Commit comments:

fixed: non-coded types returned empty from outside sources.
fixed: crash when socket was interupted.
added: m attribute to tags. <a m="somehost" ip="" />
added: beginning dns compression...I think. at least it appears to work.
notes: improved xml lookups. now can easily add xpath based lookups.
notes+: might need to improve this further to allow other filter types.
notes: rm attributes will likely wait until xpath fn:matches function is available.


I’ve noticed while using HE’s IPv6 Tunnel Broker service, that I can’t surf IPv6 sites while using snojns. Not sure why this is, but I wonder if there needs to be an IPv6 socket listener as well.


If you’re smart enough to run this, you’ll know which you’ll want to get.

snojns 0.2.0: Release, Debug, Source.

Its a mnemonic kind of thing, a dns kind of thing

Hosts files are great, you can specify any host to IP combination, overriding anything.

But what about other types of records? Hosts files can’t do service, text, pointer records, etc? So what to do if you want to test these record types? You could setup your own DNS server, create a new zone, add the records to test, while mail, chat, and other services fail left and right on your machine. Or you could use SnojNS.

SnojNS sits between you and your current DNS server. It can add or change domains much like the hosts file, but it can do so much more, like CNAME, PTR, or SRV record types. I’m hoping to add more at later dates, but not to worry, when it comes across a request it doesn’t understand, it just forwards it and relays the info back so you’re never without internet access.

Running it:

Unzip it or compile, edit the hosts.config, open a command prompt, and run. Or if you’re feeling brave, double click to run it and forget about logging any errors that pop up.

sample output of snojns.


Seems to have an issue when there is a lot of requests. That is…it’ll crash. Though the data suggests that it has to do with the forward lookup rejecting udp connections and we can’t yet recover from the error.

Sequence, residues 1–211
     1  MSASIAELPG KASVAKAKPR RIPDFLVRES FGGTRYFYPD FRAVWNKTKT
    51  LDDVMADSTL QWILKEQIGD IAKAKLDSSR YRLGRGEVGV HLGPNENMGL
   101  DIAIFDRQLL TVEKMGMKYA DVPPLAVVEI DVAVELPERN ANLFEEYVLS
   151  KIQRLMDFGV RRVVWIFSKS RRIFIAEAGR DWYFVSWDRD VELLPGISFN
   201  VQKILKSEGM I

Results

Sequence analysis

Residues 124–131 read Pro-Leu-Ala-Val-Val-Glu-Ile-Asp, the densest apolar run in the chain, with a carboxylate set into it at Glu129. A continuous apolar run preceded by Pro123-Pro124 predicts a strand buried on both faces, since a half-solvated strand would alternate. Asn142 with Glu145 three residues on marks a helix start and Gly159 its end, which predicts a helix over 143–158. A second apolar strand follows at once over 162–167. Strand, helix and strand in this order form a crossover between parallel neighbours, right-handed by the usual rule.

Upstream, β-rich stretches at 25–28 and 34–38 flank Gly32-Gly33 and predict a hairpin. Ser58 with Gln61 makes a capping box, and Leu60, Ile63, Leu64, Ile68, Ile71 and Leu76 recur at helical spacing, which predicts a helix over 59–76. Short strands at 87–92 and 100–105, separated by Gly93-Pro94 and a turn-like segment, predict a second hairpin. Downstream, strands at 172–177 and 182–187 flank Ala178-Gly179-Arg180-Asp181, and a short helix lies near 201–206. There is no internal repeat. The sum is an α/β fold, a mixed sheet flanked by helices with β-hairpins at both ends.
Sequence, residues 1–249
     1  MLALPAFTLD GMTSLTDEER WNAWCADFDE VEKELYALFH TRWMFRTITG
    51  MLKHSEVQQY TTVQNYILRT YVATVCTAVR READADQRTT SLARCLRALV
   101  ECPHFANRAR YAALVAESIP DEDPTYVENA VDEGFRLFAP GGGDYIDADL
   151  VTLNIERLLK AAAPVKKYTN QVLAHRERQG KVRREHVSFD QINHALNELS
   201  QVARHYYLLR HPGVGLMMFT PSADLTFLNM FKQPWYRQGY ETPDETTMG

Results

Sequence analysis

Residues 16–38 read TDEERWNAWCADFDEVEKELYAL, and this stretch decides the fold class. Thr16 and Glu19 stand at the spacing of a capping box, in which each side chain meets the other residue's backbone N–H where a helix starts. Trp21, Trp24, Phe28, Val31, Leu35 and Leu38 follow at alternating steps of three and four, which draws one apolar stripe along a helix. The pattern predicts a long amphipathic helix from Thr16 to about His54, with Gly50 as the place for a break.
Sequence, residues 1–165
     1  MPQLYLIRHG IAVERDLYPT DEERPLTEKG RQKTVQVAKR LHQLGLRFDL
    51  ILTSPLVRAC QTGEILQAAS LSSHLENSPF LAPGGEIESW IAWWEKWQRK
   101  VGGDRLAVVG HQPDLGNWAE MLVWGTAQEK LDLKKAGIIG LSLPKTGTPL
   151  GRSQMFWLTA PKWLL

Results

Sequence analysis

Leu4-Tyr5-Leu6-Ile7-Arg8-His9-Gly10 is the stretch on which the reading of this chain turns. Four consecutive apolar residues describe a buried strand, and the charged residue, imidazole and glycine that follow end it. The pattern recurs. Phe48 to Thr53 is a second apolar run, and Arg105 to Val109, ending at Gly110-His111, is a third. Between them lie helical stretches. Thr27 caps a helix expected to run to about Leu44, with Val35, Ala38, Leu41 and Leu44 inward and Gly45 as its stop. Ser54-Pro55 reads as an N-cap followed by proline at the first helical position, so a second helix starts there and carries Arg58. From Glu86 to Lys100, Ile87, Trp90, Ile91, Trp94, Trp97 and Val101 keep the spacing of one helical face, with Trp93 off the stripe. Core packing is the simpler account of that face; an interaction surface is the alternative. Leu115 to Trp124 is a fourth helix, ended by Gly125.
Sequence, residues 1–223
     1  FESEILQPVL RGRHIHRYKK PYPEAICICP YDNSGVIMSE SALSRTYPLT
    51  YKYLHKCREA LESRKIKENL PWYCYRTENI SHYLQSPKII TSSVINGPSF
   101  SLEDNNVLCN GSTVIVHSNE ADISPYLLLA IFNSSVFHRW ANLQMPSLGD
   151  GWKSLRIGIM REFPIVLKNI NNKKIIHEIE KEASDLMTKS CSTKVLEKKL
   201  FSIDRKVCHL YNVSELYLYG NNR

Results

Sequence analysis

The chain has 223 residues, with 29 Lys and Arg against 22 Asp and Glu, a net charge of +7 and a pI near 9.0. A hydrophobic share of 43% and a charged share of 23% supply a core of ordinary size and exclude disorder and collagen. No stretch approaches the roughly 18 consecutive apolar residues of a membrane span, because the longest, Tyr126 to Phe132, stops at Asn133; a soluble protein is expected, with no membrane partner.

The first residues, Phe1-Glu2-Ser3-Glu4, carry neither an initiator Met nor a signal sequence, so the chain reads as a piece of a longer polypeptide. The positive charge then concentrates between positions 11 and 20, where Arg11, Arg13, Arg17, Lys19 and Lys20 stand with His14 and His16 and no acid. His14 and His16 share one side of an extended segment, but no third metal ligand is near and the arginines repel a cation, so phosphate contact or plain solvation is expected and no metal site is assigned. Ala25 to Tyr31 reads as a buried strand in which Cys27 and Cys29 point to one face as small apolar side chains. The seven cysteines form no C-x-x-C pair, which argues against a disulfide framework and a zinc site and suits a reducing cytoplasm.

If you’re smart enough to run this, you’ll know which you’ll want to get.

snojns 0.1.0: ReleaseDebugSource


  • define a, cname, ptr, and srv resource records
  • forward lookups for undefined domains and unknown resource record types
  • define forward lookups based on requested domain
    • can use google’s servers ( while uses opendns’ (
  • a lot of unused code and commented out sections.

Features Road map:

Not all may happen, but ideas I’d like to explore.

  • config file watch: try reloading the hosts file after a save operation so there’s no need to restart.
  • more record types: like AAAA (ipv6), TXT, and MX.
  • separate dns packet parsing into its own dll
  • create an actual windows service?
  • cache! need that cache.
  • ttl definitions for local records?
  • plugin system to introduce new record types and classes (though who would use anything other than IN?)
  • TCP
  • lookups over ssh: ‘cuz we can’t trust the transit (I’m looking at you Hak5, with your pineapple).
  • load balancing round robins for both answers and forward lookups.



Also, if someone comes up with a better name than “SnojNS” that I like, I’ll buy you $10-15 something from or amazon as thanks….so thanks! Just post it in the comments or something, as long as I get your email and address.